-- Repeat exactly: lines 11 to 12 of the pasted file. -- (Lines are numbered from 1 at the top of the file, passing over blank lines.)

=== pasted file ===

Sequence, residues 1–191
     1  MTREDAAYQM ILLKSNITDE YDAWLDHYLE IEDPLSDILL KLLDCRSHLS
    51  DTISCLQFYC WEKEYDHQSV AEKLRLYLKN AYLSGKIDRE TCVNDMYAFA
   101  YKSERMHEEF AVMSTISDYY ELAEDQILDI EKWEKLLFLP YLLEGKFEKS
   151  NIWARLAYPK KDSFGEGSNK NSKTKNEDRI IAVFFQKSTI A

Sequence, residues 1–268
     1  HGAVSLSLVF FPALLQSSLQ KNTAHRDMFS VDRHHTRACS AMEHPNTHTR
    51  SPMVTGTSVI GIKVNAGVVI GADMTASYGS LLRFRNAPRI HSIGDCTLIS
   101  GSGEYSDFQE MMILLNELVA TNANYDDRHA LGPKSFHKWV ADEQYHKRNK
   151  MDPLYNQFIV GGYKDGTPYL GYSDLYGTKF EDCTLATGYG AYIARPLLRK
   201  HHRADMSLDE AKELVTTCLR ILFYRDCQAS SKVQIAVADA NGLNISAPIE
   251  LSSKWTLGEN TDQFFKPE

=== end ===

   201  HHRADMSLDE AKELVTTCLR ILFYRDCQAS SKVQIAVADA NGLNISAPIE
   251  LSSKWTLGEN TDQFFKPE